Anticipation was in the air as nearly 2,500 students from the Class of 2021 filed onto College Green on August 28. It was the night before classes, and they were about to partake in a historic tradition of being welcomed into the Penn community.
“The procession, the regalia, the formality of this event is intentional,” explained Claire Lomax C’84, a Penn Trustee and representative of Penn Alumni. “[It is] designed to make us pause to recognize that by joining the Penn family, you are becoming part of a tradition of academic excellence, innovation, interdisciplinary learning, civic engagement, and inclusion.”
As if on cue, a single, orange leaf fell onto the crowd.
Fall wouldn’t officially come to Philadelphia for a few more weeks, but already the sugar maple next to Ben Franklin’s seat on the Green was starting to show its colors at the start of Penn’s 278th academic year.
It was under that tree canopy that President Amy Gutmann accepted the baton from Dean of Admissions Eric Furda C’87 and offered encouragement and guidance to the freshman class, which hails from more than 70 countries and all 50 states, plus Guam and Puerto Rico.
“When you walk through the heart of campus, you see our LOVE statue, which symbolizes what we stand for,” she said. “We stand for love, not hate; inclusion, not exclusion; compassion, not contempt; empathy, not antipathy; understanding, not ignorance; and the elevation, not the degradation, of the human mind and spirit.”
Pointing out Locust Walk, she informed those new to Philadelphia that it was once a city street. Although the cars are long gone, this stone “spine” remains a vital thoroughfare through the heart of campus. “It is a superhighway for ideas, many of which will be unfamiliar to you,” Gutmann warned. “They will be creative, uplifting, and challenging. You will have to overcome the discomfort of stepping out into new territory. Map makers of old feared it. They labeled it terra incognita—the land unknown.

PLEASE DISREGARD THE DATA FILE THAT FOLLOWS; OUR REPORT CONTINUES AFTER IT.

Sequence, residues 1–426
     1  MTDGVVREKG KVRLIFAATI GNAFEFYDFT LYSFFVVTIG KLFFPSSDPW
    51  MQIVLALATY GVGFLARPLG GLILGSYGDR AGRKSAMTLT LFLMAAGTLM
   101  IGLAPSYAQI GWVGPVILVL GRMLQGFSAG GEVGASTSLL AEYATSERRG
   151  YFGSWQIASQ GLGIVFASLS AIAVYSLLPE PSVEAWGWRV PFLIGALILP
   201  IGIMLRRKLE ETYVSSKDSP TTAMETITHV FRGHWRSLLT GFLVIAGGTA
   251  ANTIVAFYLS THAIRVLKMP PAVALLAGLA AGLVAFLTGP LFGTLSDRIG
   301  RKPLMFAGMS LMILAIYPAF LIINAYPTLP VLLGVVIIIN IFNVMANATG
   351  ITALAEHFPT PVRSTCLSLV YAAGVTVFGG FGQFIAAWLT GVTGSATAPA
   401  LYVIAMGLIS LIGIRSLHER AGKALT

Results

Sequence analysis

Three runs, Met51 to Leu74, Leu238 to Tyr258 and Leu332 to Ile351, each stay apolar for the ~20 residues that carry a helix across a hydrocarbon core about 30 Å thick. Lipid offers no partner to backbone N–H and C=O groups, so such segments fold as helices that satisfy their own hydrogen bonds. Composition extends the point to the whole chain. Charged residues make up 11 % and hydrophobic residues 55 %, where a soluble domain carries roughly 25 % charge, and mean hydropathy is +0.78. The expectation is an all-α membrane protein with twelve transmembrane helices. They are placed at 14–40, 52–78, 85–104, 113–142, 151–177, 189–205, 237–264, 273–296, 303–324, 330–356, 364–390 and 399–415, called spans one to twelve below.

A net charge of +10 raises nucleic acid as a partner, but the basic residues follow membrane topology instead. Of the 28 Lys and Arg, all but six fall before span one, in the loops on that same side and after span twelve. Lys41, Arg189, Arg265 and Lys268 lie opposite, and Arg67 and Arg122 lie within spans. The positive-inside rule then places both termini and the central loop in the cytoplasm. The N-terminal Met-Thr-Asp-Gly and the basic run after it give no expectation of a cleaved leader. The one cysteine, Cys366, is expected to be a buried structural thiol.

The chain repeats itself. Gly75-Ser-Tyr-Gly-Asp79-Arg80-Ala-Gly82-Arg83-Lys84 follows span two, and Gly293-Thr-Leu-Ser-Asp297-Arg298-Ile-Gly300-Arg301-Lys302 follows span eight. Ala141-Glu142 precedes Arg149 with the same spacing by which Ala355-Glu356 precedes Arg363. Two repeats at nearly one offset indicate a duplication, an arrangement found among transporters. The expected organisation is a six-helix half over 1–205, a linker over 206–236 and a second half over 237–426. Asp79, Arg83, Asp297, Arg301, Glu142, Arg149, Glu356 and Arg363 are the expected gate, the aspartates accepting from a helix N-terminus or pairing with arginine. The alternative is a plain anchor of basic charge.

“Terra incognita takes on a different meaning at Penn—here, we’re talking minds, not maps. When introduced to strange new ideas, human beings tend to become fearful. We draw dragons at the edge of what is known. That’s because new ideas force us from our comfort zones, to discover more.”
Gutmann urged students to venture boldly into the unknown right then and there. “I want everybody to stand, look around, and find somebody you haven’t met yet. Say hi, introduce yourself, say where you’re from, then take out your phones and lean in for a selfie. No exceptions, not even me!”
The students did just that, some standing on their chairs to get the perfect shot. After a few minutes of bright smiles and handshakes, Gutmann announced, “Welcome to Penn, the only Ivy League university with built-in, mandatory selfie breaks!”
But the exercise was more than just a chance for students to stretch their legs. “You now have the perfect memento of the energy that comes from stepping into the unknown,” Gutmann explained.
Penn’s new provost, Wendell Pritchett [“Gazetteer,” Jul|Aug 2017], echoed Gutmann’s recommendations of exploration and self-discovery, and he urged students to reach out and ask for help, if needed. “Like you, I’m new. Not new to Penn but in a new role, as you are. Also like you, this is my first Convocation, as provost.” With a grin, he added, “Hopefully, unlike you, it won’t be my last.”
For one out of every eight students in the Class of 2021, the whole college experience is new for their families. Eighteen percent are the children or grandchildren of Penn alumni.
Pritchett advised students to stay the course during difficult times by relying on each other. “The ground is shifting—hourly, it seems sometimes. When the ground does shift, trust yourself. You’ve gotten this far already. But don’t be afraid to ask for help. That’s what we’re here for. Ask anyone in my office: I’m always yelling for help.”
Pritchett explained that diverse interactions with a wide range of people will help students navigate life both on and off campus, creating “a future of doorways and windows, not mirrors.”
“You and I may be at the start of our Penn education, but everyone here is still learning,” he said.
“Your next four years will be filled with the acquisition of knowledge: with your discovery of the shape of the world and your place in it,” he predicted. “Here, we are all discoverers, and new worlds await. That is also part of your education and mine. I don’t know about you, but I’m ready to get started.” —NP